Familiar faces joined new ones as alumni, faculty and students celebrated the 20th anniversary of the student-produced broadcast Annenberg TV News (ATVN) in a packed lobby of more than 200 people at Wallis Annenberg Hall.
ATVN has given students the opportunity to learn how to report, write, edit, produce, create graphics and direct shows that prepare them for a wide range of jobs in the professional world.
Stacy Scholder, professor of professional practice and director of ATVN, started out the festivities by reminding the group — who traveled from all over the country to be there — “Our students have covered it all. From presidential and local elections to wildfires, protests, marches, high-profile court cases, immigration, health care, border issues and, of course, issues right here at USC. I’m proud to say Annenberg TV News is still a training ground for students.”
Cha went on to congratulate the former students on how much they took this job seriously. “You could have said, ‘Well, we don’t need to have the 6 o’clock show. What if my story doesn’t make it? I don’t care.’ You never said that.”
As the crowd listened to former professors and classmates speak about their experiences at ATVN and watched news clips shot over the past 20 years, they reminisced about the busy work days and long hours in the newsroom. They also had a chance to tour the state-of-the-art media center, which opened in 2014.
“Tom Norris [newsroom coordinator] saved my ass so many times,” said alumna Leslie Marcus, now a show producer of The Doctors on CBS. “We’d be in the edit bay all hours of the night. He was annoying about when I was editing my pieces, but it’s a family.”
For many, ATVN was the start of their careers, allowing them to build the skills necessary to succeed in professional newsrooms.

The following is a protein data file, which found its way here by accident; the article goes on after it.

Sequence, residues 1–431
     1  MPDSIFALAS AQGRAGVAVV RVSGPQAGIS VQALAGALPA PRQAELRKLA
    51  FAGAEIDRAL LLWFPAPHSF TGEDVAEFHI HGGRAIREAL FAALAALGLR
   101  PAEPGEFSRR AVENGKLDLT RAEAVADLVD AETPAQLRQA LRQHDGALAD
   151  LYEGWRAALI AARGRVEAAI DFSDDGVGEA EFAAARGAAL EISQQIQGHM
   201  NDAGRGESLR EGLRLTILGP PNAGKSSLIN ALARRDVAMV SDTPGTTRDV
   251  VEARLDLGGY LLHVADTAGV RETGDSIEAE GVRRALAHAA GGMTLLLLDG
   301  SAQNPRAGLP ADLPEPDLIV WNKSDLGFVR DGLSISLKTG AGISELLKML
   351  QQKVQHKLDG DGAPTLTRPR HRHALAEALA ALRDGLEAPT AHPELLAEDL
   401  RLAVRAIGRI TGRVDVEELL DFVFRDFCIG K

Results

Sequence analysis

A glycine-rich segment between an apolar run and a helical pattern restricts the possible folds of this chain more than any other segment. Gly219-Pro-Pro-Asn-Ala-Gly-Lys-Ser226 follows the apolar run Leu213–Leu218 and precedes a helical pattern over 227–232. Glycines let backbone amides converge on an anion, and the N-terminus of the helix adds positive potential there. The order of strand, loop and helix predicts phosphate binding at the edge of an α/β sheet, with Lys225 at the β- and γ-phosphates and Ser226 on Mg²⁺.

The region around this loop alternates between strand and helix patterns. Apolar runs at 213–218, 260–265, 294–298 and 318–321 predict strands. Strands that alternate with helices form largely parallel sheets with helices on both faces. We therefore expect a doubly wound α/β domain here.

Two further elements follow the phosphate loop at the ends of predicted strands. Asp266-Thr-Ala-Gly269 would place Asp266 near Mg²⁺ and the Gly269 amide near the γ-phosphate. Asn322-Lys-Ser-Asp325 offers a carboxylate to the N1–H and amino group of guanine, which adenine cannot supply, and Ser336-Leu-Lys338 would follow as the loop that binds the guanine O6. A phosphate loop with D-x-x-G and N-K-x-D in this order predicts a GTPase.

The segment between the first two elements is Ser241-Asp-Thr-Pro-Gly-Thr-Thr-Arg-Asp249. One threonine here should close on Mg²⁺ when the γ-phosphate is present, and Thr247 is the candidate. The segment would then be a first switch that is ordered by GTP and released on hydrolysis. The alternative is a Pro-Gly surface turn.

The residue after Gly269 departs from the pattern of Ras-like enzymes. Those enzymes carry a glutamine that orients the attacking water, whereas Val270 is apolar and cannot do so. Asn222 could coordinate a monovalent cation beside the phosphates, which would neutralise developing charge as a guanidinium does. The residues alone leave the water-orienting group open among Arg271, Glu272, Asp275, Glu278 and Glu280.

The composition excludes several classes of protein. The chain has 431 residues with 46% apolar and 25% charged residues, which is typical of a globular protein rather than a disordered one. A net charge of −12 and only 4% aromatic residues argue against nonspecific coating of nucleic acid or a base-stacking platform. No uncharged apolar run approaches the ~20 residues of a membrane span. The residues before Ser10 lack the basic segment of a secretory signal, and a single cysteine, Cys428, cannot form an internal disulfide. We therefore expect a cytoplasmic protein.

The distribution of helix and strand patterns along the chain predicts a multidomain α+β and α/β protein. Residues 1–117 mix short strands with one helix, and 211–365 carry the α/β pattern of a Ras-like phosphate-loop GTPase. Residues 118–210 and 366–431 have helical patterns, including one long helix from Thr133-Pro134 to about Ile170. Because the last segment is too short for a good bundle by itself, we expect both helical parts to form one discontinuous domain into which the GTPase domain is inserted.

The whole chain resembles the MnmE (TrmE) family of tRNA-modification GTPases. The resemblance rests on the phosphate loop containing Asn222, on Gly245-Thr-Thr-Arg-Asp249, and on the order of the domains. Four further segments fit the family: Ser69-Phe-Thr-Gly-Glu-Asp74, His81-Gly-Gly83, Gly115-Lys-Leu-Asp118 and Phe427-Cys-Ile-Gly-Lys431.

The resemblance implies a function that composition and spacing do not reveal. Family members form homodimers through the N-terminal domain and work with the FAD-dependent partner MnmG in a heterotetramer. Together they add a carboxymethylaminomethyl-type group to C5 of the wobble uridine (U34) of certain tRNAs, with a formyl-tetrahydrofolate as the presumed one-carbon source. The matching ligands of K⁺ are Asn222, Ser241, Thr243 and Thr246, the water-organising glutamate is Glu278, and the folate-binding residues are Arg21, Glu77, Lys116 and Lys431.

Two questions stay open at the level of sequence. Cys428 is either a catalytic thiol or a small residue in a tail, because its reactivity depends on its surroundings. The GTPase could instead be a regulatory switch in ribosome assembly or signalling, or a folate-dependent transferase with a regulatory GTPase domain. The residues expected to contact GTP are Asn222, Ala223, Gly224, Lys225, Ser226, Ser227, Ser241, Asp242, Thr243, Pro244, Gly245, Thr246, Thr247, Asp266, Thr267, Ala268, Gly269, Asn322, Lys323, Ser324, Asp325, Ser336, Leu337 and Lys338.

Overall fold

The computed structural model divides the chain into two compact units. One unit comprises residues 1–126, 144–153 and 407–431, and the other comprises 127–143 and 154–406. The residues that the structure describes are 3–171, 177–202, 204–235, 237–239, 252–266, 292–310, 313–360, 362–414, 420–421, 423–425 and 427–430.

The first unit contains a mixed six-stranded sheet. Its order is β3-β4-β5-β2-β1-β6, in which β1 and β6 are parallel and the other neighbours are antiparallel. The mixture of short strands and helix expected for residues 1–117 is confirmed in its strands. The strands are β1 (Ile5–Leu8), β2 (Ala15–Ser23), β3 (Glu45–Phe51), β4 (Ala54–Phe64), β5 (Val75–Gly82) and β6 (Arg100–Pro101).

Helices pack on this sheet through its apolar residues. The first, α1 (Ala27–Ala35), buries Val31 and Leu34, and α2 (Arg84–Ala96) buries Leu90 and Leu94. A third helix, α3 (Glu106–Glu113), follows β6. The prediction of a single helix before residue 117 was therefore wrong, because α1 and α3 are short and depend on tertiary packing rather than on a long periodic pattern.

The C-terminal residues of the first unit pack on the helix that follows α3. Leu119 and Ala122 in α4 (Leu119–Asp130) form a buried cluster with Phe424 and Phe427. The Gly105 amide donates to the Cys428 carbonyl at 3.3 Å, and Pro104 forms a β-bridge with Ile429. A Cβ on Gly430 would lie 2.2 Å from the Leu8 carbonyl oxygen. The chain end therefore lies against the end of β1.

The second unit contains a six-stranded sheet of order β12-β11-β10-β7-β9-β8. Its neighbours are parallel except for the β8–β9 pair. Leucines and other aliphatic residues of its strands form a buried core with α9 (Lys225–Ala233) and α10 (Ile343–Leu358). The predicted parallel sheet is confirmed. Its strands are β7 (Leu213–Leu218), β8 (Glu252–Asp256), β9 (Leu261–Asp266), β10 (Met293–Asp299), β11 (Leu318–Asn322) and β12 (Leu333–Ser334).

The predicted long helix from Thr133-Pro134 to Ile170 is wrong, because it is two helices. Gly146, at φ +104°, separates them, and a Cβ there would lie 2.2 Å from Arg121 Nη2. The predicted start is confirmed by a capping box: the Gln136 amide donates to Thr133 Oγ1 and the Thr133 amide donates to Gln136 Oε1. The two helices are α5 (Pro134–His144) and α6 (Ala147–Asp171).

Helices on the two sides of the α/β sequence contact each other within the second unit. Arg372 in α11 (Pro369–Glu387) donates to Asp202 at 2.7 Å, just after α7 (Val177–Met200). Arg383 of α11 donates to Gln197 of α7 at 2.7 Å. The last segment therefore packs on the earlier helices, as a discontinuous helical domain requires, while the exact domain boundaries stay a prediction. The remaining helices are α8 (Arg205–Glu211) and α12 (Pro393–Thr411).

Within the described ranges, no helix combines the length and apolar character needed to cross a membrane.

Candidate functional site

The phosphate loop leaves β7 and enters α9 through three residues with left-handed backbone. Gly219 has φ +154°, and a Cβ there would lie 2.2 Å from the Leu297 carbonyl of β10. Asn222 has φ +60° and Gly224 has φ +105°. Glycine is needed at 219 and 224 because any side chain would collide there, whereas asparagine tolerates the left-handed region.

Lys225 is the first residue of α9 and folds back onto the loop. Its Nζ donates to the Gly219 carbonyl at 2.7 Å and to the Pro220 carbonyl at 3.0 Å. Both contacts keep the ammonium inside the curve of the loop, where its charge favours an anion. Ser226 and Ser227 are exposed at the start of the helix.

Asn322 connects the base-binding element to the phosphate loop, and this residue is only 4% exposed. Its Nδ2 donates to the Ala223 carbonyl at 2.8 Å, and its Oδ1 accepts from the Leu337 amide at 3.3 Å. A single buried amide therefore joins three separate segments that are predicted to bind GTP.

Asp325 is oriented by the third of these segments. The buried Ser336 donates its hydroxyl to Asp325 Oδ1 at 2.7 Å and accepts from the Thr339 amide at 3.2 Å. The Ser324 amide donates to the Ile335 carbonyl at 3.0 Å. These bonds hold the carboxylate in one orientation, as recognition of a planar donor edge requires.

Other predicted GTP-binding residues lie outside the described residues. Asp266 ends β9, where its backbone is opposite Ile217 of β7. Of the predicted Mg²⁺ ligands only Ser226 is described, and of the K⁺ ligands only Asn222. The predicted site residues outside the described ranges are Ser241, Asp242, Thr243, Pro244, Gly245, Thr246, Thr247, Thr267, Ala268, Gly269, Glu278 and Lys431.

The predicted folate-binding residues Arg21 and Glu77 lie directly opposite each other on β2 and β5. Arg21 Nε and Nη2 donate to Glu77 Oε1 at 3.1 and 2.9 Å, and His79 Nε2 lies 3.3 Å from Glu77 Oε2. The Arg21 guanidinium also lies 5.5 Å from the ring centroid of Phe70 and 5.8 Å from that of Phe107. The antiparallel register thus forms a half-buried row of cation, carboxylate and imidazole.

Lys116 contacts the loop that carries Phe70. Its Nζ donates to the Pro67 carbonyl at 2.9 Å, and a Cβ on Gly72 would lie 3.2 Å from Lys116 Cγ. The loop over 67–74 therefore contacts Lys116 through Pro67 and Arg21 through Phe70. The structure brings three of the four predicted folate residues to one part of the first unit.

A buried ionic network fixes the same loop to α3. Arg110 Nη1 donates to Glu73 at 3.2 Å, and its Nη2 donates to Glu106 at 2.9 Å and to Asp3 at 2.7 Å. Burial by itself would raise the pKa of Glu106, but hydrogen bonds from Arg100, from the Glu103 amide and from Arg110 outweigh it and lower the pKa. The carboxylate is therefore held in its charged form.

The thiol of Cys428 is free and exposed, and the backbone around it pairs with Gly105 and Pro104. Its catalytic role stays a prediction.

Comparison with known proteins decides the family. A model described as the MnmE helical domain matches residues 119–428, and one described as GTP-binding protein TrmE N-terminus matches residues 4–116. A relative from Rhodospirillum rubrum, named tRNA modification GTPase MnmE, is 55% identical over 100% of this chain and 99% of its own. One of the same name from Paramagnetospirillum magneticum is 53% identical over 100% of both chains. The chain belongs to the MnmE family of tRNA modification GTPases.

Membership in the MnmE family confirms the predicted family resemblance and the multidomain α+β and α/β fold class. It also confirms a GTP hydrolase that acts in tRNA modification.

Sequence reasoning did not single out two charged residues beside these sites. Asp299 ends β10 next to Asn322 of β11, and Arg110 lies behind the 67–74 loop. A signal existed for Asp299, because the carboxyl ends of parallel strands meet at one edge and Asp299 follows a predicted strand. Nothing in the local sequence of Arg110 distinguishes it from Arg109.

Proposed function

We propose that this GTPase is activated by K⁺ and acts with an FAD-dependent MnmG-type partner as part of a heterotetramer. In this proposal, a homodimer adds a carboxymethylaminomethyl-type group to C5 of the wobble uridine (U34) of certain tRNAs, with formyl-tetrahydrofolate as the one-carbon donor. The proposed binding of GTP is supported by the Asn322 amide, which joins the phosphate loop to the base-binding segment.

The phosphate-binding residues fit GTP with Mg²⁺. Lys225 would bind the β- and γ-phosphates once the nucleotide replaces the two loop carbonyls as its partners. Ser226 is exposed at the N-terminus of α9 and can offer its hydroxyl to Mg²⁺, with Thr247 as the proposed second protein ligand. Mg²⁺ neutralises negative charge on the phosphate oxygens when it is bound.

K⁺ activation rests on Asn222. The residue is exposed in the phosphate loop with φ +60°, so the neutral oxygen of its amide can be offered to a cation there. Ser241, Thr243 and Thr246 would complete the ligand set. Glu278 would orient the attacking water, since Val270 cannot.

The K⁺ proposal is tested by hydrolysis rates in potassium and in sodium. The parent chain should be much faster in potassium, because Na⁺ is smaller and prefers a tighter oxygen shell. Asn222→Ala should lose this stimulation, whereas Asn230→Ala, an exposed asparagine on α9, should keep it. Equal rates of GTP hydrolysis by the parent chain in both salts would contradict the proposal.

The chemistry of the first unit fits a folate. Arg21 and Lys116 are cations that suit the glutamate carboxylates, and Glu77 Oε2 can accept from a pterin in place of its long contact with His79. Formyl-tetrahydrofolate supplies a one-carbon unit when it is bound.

“I was a shooter, producer, writer, editor, director,” said Shawna Thomas, who graduated with an M.A. in journalism in 2006 and is now the Washington D.C. bureau chief for Vice News. “That helped me get my first couple of jobs in news. But really the best thing is that all of those different parts that all of those students are doing — you get to help lead a newsroom to turn in an actual newscast at the end of the night, every night.”
As ATVN moves forward into its new decade, faculty, students and alumni continue to see it as a place of firsts.
“You guys were doing backpack journalism — using the TVU, using the stream box — well before any other station, well before any other media outlet did it,” said John Goldsmith, a video production supervisor in the media center. “You guys were the innovators, and that’s why so many of you guys got jobs as soon as you graduated.”
Chris Cheshire, who will be graduating in 2020 with a bachelor’s in journalism, is one of the current executive producers at ATVN. He spoke last, telling the group, “ATVN has changed me as a person. I’ve had to learn how to lead, I’ve had to learn how to connect with people, how to understand people. I think it’s just made me so much of a better person and I think it has made everyone that goes through it so much of a better person.”
Additional photos from event are available to view on Flickr.